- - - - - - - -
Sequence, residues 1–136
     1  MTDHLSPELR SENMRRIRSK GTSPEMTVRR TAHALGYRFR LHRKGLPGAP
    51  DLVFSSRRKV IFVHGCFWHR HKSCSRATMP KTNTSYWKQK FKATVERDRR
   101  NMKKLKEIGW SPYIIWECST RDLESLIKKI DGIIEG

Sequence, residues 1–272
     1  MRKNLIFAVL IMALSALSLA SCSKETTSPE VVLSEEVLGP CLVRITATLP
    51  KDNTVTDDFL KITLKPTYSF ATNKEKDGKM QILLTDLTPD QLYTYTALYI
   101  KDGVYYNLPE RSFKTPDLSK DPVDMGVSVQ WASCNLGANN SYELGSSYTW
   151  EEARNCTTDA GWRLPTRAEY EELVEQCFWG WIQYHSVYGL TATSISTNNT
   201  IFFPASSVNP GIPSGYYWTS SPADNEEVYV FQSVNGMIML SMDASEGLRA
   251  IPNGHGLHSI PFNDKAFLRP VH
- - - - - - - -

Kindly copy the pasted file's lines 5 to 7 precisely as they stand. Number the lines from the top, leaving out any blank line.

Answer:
Sequence, residues 1–272
     1  MRKNLIFAVL IMALSALSLA SCSKETTSPE VVLSEEVLGP CLVRITATLP
    51  KDNTVTDDFL KITLKPTYSF ATNKEKDGKM QILLTDLTPD QLYTYTALYI